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Told to exit India for protesting against CAA: German student at IIT Madras

During a protest in Chennai against the CAA and NRC, he had carried a poster that said: “1933 to 1945; We Have Been There” (a reference to the Nazi regime in Germany).

Written by Arun Janardhanan | Chennai | Updated: December 26, 2019 9:14:25 pm
caa, citizenship act, caa protests, german in caa protests, iit madras german students, citizenship law protests, indian express Lindenthal was scheduled to fly out late Monday night.

A German student in the Master’s course in the Department of Physics at IIT Madras, part of a one-year exchange programme, has said that he was asked to leave the country “immediately” days after he attended protests against the Citizenship Amendment Act (CAA) and the proposed National Register of Citizens (NRC) in the campus.

Speaking to The Indian Express from the Chennai airport shortly before his scheduled flight home Monday night, Jakob Lindenthal said he received “oral directions” to leave India from the Foreigners Regional Registration Office in (FRRO) in Chennai around noon.

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Lindenthal was in Bangalore for the past few days participating in a “sports tournament” when, he says, he received the first email from FRRO.

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During a protest in Chennai against the CAA and NRC, he had carried a poster that said: “1933 to 1945; We Have Been There” (a reference to the Nazi regime in Germany).

“After I reached Chennai this morning, my course coordinator advised me to meet immigration officials immediately. When I reached there, they cited some administrative issues related to my residential permit in India. After I resolved their queries and it was clear that there were no issues regarding my residential permit, they started asking me about my politics and hobbies. It was an extensive casual conversation. They asked about CAA and my participation in anti-CAA protests. We discussed the demonstration culture. There were three officers including one who asked me all questions. All of them were unnamed. Towards the end of the conversation, they said I may have to leave the country immediately for violating my student visa rules. When I asked for a written letter, they returned my passport and said that I may leave. They said I will get the written letter but I did not receive one. Soon, I rushed back to IIT campus, booked my ticket, packed everything and left for the airport,” he said.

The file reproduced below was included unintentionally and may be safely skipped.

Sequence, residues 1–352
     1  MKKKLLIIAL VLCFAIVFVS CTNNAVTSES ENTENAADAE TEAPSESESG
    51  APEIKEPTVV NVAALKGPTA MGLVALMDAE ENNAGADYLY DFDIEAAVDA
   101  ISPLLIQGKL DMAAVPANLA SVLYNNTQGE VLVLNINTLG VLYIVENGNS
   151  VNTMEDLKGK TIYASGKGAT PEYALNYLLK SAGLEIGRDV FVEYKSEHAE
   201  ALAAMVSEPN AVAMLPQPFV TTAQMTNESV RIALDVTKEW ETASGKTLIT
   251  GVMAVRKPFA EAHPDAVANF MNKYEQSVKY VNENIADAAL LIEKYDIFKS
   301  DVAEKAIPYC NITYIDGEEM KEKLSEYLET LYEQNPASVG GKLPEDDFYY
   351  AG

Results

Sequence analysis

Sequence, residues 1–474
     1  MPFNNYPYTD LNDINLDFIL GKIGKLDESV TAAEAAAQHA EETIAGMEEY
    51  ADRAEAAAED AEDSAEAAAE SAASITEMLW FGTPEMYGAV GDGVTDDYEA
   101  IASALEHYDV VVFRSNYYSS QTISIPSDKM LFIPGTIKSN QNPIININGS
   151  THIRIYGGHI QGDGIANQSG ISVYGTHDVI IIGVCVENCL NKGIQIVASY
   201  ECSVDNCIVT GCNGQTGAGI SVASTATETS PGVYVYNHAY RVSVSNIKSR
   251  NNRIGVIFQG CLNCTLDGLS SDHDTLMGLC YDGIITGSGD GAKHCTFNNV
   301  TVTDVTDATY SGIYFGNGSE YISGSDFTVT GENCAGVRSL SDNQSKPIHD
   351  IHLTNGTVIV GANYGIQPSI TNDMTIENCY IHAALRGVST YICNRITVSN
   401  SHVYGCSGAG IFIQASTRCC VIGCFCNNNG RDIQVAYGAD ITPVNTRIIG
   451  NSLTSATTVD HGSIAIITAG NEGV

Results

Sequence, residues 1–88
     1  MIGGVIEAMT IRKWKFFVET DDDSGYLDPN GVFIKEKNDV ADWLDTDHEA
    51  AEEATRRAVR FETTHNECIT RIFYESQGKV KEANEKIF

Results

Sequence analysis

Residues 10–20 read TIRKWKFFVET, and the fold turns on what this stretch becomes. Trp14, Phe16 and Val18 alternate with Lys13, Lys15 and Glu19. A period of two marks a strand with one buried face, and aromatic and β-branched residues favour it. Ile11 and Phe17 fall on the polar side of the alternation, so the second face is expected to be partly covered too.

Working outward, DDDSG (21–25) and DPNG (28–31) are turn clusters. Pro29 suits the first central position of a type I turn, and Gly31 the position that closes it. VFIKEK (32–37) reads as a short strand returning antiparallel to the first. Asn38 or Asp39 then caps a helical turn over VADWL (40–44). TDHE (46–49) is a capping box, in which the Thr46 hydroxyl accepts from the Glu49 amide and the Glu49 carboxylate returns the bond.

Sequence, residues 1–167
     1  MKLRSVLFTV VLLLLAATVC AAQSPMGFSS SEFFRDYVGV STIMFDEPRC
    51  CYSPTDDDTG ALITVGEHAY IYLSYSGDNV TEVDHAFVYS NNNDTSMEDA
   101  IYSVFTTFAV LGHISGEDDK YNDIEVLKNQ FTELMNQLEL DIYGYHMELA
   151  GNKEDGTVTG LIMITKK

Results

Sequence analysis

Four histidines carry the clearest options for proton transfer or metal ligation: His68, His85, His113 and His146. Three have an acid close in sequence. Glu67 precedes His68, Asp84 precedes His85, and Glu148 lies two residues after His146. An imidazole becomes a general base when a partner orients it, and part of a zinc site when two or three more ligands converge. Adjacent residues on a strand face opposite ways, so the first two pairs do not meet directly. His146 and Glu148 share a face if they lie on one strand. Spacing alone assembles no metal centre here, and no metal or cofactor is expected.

“I received a call from an official in the Dean’s office. She suggested that I may leave tomorrow. Since it is going to be Christmas eve tomorrow, I chose to leave immediately,” said Lindenthal, adding that he was yet to inform his parents.

Hailing from southern Germany, Lindenthal, halfway in the IIT programme, said that questions about his participation in protests also included his proximity to a Marxist group, Chinta Bar, which organised the protest in IIT-M.

“I distanced myself from all such groups, I explained. At one point, the officer, referring to my decision to take part in protests, said I was uninformed, that I should not have attended protests when I didn’t know what I was protesting about. I disagreed. I replied that it was all about basic human rights of people…The conversation was not aggressive, I was moderate in my answers and explained my views,” he said.
In a statement tonight, Chinta Bar said it “extends solidarity and gratitude to Jakob for being part of struggle to protect the rights of people in this country and his concern for humanity.”

“I do love the IIT-M campus, I love India but I am concerned about illiberal extremes in the country…In Germany, nobody is ever evicted for participating in a legal demonstration,” Lindenthal said.

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When contacted, IIT Director Bhaskar Ramamurthy said he was out of station and did not know about the incident. When contacted by The Indian Express, both K Sethupathi, head of the Department of Physics, and S Sivakumar, Dean of Students, said they were unaware of the “incident” involving Lindenthal. Sources said an IIT official had sent a report about Lindenthal’s participation in the protests to “higher-ups.” Asked about this, Sivakumar said he wasn’t aware of such a report.

A senior FRRO official, saying he was unaware of Lindenthal’s case, told The Indian Express that if the German student had attended a protest, it was a “clear case” of violating visa rules for foreigners staying in India. “If there is a violation, the institution is bound to report the matter to authorities…FRRO comes much later in issuing a letter to leave the country with immediate effect…This isn’t the same as deportation. His visa may be cancelled soon,” the official said.

“A security official accompanied me to the security gate at the airport as they knew about my trip,” Lindenthal said. “I will be in Europe Tuesday morning,” he said.

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